Rental Raters Blog

26th June 2014

The frightening truth about flat-hunting

Written by
Daisy Buchanan
Daisy Buchanan
Follow author @NotRollergirl

Daisy Buchanan is an author, journalist and broadcaster who writes about sex, feminism and reality telly. She's a columnist for The Debrief, The Telegraph and The Mirror amongst others, and lives in a rented flat in Greenwich with her boyfriend, where she enjoys being within walking distance of some of London's loveliest pubs.

The frightening truth about flat-hunting

“So there’s a fridge AND a freezer?”
“Um, yeah.”
“But that’s BRILLIANT! How long have you had it?”
“Well, it came with the…”
“I bet you can keep all sorts of things in there!”
“Just food, really.”

In retrospect, I’m not surprised that the woman with the fridge and the freezer did not want me to move into her house. There’s friendliness, politeness and enthusiasm, which is what I was going for, and an almost sinister, obsessively positive reaction to a fairly normal collection of white goods, which is what she heard.

I believe that the most brutal bit of city living isn’t public transport, or being close to rats, or spunking the entirety of what little money you have in Pret, thanks to contactless payments – it’s the way many of us are forced to seek out strangers to live with, in order to be able to afford to live at all.
I have schlepped to all four corners of London, following the little blue dot on my phone – and, in the dark days when I first arrived in the capital, a sheaf of Mapquest printouts – and I’ve been turned away from residences in all of them.

There were the girls who lived in the flat in Chiswick that stank of old laundry and cat wee who denounced me as a “posh, stuck-up bitch” the second the door shut behind me, all because I’d become nervous and conducted the entire interview in my telephone voice.

There was the woman in Highbury who was possibly more deserving of that label, who poured me a glass of sauvignon and spent an hour telling me that she was taking anti-anxiety medication because she was so fearful her banker friends would discover she was conducting an “entirely sexual” affair with a joiner named Ken, and then sent me a text that read, “Don’t think ur for us :)” There were the 23-year-olds in Streatham who thought that, at 26, I was an ageing freak. “But surely by now you should have a boyfriend you can live with?’

And every time, I have gone out of my way to thwart myself. When you’ve walked 40 minutes from the “adjacent” tube station and have water in your shoe, it’s normal to be withdrawn to the point of surliness. Yet, every time I’d go fully RuPaul, flinging my arms in the air and screeching, “I loooooooooooohoooooooove what you’ve done with that lamp!” No one wants to live with that. In retrospect, I realise my prospective housemates probably feared I would start stealing their stuff and selling it for MDMA.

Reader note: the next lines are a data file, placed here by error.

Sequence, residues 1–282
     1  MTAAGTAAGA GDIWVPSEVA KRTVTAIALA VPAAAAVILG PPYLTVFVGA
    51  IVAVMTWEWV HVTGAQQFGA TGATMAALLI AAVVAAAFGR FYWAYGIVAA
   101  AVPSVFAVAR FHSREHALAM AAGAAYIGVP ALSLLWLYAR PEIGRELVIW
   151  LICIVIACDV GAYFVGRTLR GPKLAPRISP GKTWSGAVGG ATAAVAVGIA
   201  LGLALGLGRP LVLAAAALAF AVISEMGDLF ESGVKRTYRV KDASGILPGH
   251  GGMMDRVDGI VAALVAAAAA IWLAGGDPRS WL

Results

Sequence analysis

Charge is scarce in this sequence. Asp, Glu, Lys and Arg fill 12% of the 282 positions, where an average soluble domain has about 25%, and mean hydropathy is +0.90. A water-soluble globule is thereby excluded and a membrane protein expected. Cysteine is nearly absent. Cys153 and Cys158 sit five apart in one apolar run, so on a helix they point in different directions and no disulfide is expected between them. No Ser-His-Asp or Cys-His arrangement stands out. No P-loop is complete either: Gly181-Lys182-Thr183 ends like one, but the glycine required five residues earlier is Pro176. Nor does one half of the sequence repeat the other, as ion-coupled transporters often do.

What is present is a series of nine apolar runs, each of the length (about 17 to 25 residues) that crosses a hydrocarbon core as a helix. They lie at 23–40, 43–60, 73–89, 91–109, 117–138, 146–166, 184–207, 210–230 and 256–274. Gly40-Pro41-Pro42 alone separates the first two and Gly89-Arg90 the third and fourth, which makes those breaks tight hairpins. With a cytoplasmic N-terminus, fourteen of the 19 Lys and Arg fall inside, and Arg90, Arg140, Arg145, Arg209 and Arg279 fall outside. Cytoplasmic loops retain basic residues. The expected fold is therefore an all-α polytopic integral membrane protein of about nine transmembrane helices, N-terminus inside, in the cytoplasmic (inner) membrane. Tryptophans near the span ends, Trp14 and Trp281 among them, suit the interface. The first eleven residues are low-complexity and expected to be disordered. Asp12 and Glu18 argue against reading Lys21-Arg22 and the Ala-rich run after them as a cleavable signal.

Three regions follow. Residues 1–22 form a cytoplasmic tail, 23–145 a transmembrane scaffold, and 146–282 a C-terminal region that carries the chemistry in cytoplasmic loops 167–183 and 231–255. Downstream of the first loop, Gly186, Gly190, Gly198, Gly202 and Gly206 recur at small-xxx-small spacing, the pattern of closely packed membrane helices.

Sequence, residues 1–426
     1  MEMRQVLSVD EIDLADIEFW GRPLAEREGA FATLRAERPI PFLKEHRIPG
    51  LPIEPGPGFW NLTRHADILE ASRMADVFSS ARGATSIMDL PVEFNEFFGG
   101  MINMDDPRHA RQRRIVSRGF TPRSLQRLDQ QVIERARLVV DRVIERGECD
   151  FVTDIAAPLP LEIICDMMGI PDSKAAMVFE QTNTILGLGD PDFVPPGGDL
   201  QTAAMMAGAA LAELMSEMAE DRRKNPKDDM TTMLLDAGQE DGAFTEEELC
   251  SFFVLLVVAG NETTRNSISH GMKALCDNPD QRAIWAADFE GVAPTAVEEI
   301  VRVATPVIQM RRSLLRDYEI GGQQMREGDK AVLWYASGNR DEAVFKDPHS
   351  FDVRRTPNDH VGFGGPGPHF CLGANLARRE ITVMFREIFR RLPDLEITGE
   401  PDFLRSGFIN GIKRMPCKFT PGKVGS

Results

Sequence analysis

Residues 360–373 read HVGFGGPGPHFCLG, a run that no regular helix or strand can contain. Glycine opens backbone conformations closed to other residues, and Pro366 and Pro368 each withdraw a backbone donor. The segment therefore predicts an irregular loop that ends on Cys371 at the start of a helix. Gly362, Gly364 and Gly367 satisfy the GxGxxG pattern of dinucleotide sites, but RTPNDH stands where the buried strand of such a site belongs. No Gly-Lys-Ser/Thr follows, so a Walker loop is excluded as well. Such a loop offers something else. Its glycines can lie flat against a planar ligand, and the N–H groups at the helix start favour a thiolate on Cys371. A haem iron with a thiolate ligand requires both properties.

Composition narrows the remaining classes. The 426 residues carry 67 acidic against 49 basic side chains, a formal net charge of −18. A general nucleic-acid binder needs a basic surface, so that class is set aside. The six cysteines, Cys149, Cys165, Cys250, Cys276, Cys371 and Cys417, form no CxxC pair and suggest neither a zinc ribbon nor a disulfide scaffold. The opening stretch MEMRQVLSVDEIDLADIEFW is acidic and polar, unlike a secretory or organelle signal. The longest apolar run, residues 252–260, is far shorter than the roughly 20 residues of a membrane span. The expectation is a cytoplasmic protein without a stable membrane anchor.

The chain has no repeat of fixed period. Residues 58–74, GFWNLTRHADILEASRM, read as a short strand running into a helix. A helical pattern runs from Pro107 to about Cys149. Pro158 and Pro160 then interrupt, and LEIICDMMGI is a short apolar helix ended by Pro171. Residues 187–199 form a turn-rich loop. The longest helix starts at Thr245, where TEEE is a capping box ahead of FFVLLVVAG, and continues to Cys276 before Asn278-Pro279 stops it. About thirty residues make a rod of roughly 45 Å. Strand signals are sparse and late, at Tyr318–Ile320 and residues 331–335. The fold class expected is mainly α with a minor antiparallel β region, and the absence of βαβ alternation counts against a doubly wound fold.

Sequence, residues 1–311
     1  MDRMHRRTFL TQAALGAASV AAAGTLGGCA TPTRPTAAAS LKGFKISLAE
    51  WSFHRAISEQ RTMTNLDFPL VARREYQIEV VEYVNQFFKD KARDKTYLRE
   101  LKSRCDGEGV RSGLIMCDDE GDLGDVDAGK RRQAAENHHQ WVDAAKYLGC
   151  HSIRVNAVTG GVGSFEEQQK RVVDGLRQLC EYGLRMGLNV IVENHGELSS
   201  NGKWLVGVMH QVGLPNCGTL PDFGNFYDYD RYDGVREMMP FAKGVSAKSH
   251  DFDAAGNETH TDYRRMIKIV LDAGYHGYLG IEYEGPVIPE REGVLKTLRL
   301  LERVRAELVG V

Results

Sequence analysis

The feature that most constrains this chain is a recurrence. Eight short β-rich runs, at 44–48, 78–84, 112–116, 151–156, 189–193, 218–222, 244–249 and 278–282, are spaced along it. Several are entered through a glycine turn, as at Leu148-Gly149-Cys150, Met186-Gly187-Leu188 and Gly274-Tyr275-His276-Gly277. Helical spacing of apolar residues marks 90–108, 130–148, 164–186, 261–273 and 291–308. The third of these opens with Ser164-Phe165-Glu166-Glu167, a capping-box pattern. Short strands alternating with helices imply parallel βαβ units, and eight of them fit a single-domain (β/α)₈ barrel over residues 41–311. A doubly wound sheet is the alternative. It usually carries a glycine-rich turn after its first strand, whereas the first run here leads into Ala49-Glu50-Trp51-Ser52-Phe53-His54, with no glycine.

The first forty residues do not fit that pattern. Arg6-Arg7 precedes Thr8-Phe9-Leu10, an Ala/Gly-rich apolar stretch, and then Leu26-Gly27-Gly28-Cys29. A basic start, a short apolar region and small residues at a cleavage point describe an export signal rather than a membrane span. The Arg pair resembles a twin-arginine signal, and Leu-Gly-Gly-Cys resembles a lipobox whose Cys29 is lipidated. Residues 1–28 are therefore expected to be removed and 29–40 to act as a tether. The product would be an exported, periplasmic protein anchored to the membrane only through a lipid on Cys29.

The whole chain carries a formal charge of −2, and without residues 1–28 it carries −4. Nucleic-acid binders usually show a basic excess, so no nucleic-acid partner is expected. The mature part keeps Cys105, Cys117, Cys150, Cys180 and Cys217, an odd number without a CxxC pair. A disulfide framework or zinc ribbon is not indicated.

However, as someone who has been on the other side of the arrangement, I should admit that I have leapt at the chance to judge strangers within seconds of them wiping their feet on the doormat. When the system that has denied you power gives you the chance to play God, you hurl as many thunderbolts from your cloud as you can in the time you have allotted. You make it rain. I once said no to a perfectly pleasant guy who turned up wearing a whole bottle of Hugo Boss Sport. “Imagine what would happen if we all went out,” I moaned. “He might fill the whole bath with Hai Karate.” The poor man was probably, like me, a nervous pervous who wanted to make a fragrant impression, and accidentally drenched himself with scent when the bus got bumpy.

And there was the edgy girl who asked if there were locks on the doors because her current housemates kept helping themselves to her underwear. “Weirdo,” I muttered, letting the door shut behind her, when she was probably experiencing genuine psychological trauma and had done well to make it out of her (horrible-sounding) house at all.

The whole thing is a lot like dating. You arrive, shaking the rain out of your hair and lit up with hope, thinking, “This might be the one!’” Then you discover they are fairly racist and very, very antisemitic. (And I’d like to say a big hello to Paul and Daniel, my old housemates in Golders Green.) At best, you lower your expectations and keep lowering them until what is tolerable matches what is available, and move in, never properly unpacking your bags, until life moves you. I’ve known some marriages like that.

If you are on the hunt, good luck! Dial down the enthusiasm and go easy on the aftershave. Remember that “professional” means “able to show bank statements that demonstrate salary coming in, rent going out and a minimal amount of suspicious Bitcoin-based transactions”. You don’t have to turn up in your loudest pinstripe suit, complaining volubly about working on the Sanderson account. “Enjoy an occasional glass of wine” means ,‘”We will all watch Game Of Thrones together, with alcohol, and if anyone talks, they will get Red Weddinged.” “No couples” means, “Inevitably you and your partner will spend all your time here, or at their house. Make sure it’s their house.” Bonne chance!